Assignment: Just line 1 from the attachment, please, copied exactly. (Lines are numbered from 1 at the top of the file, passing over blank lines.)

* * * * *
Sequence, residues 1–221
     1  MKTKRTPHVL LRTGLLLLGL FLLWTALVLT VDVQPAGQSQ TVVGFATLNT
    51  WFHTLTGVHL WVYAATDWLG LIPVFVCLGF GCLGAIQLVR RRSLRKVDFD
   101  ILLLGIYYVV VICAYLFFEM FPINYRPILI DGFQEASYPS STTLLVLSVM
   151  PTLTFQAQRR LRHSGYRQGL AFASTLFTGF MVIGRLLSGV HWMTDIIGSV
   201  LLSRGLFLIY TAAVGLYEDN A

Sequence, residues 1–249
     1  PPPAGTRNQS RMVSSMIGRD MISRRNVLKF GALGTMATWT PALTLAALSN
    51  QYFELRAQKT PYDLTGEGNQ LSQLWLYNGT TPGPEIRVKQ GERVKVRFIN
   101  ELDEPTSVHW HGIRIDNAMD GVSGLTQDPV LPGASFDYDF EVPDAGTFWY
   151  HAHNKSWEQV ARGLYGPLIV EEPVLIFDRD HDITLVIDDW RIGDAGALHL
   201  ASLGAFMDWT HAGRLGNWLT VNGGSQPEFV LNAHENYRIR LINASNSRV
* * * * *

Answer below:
Sequence, residues 1–221